Having an affair can be a deathblow to a marriage. As a matter of fact, it has a high possibility of being the final nail in the coffin so to speak.
I was reading this article today on Focus on the Family’s website. The author is a wife who cheated on her husband and subsequently got divorced. (She describes the divorce here) As a husband who has been cheated on, this article resonates with me. The author, Cheryl, says this:
“I quickly developed a deep emotional connection with a man I barely knew”
You know, that kind of sums up the sheer pain that the faithful spouses go through in all of this. Our wife has shared intimate emotions and intimate sexuality with a complete stranger. And for no good reason. I mean, all cheaters have their “reasons” but affairs don’t even mimic dating. In dating, my wife and I were cautious with our hearts, our emotions, and our physicality. We waited for all three. We spent time with one another and learned about one another. I remember that we didn’t kiss for about 60 days after we’d first started dating. My wife was a virgin and we were cautious with that part of our lives. We broke a few months before our marriage and she shared her virginity with me. We spent 3-4 months before marriage making love and it was beautiful. We even had a private “ceremony” before our real ceremony so that she knew my intentions were to always be with her and her alone.
Just 12 short years into our marriage, Allie had affair #1 with a man she didn’t know. She’d met him mountain biking. Just a stranger she met on the trail one day. Soon, they were texting back and forth and Allie found herself telling him how much she was falling in love with him. They had several encounters, but Allie reports that they never had sex.
I gave her another chance. And here we are another six years later, Allie has had another affair. This time, sharing everything (and I do mean everything) with another stranger.
Sure, they spent a lot of time talking on the phone and texting. And they met up a bunch. But for all intents and purposes, he is a complete stranger. She doesn’t know him, they’ve never dated. They never spent any real time getting to know one another. Yet, Allie “fell in love” with him. We all know it is fantasy and Allie is becoming more and more remorseful every day, but for those two months, she was at it with this guy. If this were a dating situation, she wouldn’t do that. It is COMPLETELY out of character.
Now that Allie is super-remorseful and wanting things to work out in our marriage, I spend a lot of days very confused. I am thankful that she’s here and didn’t leave. I am thankful that she is remorseful and very upset with herself that she did what she did. BUT, I am having a nearly impossible time getting over the fact that she did it in the first place. She did it. No stopping her.
This is possibly the deathblow to our marriage for me. I have found myself wondering, even looking outside of our marriage. For the first time since that private ceremony where I committed my lifelong sexuality and faithfulness to her. I am considering other women. Even somehow welcoming the thoughts. Would I go through with it? Not sure.
Allie opened a door to our marriage and it’s like opening a porthole underwater. The water just keeps coming in. Even if you happen to get the porthole to close, it has already flooded the room you’re in. You’re going to be wading through water for a very long time. Every step you take will be in the flood waters and you’re going to be constantly reminded of how the water got there in the first place.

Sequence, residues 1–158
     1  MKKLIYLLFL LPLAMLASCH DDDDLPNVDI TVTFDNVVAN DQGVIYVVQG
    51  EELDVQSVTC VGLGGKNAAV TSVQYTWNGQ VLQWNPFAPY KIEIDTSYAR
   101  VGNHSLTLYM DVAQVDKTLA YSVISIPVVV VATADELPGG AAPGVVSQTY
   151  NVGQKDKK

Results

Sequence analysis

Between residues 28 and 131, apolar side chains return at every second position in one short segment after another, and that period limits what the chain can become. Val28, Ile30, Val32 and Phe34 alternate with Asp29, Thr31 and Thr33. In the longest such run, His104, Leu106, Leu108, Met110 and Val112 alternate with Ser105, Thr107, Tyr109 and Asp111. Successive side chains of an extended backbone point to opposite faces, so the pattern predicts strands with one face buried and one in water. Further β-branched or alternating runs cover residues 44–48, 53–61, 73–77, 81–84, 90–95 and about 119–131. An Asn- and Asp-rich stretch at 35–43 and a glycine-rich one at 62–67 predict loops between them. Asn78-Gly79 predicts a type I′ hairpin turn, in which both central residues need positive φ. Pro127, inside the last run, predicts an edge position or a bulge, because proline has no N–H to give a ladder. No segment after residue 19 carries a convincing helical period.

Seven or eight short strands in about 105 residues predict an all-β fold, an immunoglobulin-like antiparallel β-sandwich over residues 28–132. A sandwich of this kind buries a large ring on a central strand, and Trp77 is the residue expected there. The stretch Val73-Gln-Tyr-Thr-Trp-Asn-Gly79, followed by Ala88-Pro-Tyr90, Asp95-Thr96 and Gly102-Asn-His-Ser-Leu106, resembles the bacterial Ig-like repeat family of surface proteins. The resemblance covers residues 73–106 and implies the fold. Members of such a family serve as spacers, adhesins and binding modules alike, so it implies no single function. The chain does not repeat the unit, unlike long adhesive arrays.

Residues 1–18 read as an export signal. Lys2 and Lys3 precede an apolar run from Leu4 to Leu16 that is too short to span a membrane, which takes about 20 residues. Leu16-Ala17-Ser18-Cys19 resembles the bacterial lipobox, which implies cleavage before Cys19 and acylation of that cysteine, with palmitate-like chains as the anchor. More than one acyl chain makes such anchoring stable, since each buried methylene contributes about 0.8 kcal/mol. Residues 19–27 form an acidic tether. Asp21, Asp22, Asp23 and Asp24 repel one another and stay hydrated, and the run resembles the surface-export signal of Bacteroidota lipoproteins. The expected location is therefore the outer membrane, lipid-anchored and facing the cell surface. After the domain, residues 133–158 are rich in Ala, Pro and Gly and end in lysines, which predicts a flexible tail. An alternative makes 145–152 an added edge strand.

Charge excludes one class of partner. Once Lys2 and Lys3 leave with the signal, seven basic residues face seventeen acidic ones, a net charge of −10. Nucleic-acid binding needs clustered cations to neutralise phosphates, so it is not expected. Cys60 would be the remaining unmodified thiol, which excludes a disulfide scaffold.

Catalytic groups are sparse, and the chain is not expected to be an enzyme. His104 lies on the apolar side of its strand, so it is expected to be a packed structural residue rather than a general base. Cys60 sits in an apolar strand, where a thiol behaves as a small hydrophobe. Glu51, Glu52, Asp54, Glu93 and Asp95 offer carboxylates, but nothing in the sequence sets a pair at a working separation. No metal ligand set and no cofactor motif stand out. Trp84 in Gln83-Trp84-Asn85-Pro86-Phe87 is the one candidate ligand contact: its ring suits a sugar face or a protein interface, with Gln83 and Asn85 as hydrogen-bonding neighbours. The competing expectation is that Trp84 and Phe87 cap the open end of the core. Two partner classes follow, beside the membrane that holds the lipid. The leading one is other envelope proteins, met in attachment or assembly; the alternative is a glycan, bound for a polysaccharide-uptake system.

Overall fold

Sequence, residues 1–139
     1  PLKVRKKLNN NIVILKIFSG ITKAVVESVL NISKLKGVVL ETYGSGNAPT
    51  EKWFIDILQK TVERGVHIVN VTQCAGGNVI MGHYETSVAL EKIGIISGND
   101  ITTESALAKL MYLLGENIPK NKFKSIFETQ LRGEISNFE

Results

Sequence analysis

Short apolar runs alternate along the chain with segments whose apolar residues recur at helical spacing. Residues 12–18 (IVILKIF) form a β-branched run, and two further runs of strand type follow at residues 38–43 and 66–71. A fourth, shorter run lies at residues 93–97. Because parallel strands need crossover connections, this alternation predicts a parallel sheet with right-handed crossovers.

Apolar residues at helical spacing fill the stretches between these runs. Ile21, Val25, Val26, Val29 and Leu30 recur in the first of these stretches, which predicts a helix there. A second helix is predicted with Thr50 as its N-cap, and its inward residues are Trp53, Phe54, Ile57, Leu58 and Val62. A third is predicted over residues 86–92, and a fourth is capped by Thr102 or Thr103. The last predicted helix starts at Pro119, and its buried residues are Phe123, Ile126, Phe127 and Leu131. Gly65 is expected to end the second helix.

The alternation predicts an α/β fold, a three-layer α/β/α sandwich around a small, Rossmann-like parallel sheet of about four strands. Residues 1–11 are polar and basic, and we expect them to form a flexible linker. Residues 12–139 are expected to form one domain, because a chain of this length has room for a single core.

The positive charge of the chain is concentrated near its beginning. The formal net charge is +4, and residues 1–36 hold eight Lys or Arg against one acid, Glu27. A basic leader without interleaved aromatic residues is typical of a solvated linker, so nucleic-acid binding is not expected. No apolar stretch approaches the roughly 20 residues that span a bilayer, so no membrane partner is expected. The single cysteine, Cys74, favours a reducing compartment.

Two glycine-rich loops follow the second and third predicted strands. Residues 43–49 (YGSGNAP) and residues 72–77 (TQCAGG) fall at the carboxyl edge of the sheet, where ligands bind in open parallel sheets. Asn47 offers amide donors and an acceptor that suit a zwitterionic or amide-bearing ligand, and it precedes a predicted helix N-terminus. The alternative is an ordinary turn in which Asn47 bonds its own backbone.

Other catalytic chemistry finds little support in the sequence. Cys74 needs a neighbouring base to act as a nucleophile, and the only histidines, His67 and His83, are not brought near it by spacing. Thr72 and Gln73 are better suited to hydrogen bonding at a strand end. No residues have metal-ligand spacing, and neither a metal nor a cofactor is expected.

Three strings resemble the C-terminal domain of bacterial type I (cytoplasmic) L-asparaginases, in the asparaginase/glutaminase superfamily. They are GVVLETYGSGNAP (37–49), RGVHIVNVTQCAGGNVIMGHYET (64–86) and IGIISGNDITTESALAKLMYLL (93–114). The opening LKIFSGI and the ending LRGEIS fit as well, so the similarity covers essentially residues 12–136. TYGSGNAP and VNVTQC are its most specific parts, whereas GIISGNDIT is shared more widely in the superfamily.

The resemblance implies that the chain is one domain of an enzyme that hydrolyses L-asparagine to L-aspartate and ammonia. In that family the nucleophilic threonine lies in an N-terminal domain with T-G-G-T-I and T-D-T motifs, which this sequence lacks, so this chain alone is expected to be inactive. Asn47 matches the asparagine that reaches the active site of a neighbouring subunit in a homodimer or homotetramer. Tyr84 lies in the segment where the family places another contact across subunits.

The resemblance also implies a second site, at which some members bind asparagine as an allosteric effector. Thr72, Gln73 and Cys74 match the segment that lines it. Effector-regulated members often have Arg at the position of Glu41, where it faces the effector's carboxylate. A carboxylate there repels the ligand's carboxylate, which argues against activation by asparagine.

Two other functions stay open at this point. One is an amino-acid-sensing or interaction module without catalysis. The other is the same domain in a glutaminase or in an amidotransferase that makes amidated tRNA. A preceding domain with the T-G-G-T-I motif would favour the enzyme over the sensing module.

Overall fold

“It never crossed my mind to be cautious about my relationships with other men because I never realized I could be so vulnerable”
The author in the above linked article says that it never crossed her mind to be cautious about her relationships with other men. Interestingly, I warned Allie about being cautious with Mark. I saw the two of them laughing about something in the Crossfit class and I said that she needed to be very careful not to give off the wrong impression. The problem was that Allie was ALREADY looking outside of our marriage for affirmation.
Mark is a narcissist. That narcissism gives him the enviable ability to complement others and make others feel good. But those complements and affirmations are a means to an end for a narcissist. They aren’t genuine. Rather they are manipulative, cunning and sly. They are simply to satisfy themselves. Narcissists will freely give complements, attention and affirmations to get what they want. For Mark, it was sex with my wife. He used her. And she let him. She fell for the oldest trick in the narcissist book. Flattery. Allie falls all too easily to the narcissistic people of the world. Her dad was the biggest example in her life. Completely into himself and himself ONLY, he used manipulation to exploit those around him.
But Allie is married to me. A non-narcissist. I am skeptical. When I first met Mark, I thought to myself “that guy is full of shit…and himself. If he’s full of himself and shit, then the two must be related.” Is Mark pleasant to be around? Sure. In doses. He’s pretty funny, confident (as all narcissists are) and seems to be happy. But for those of us who can see through it, we’re quickly turned off by the superficiality of narcissists. Allie on the other hand, plays right into a narcissist’s hands. And as her husband, there is NOTHING I can do to stop it. If I try, I am just being an asshole.
There is the rub with the idea that our marriage can go on. I struggle daily with the idea that we can remain married. I am married to a woman who is completely vulnerable, easily tricked and willing to give herself over to another man. Scary huh?
But on the other hand, divorce effing sucks. I will lose 50% of my time with my kids simply because she couldn’t keep her clothes on? Not a great deal for me.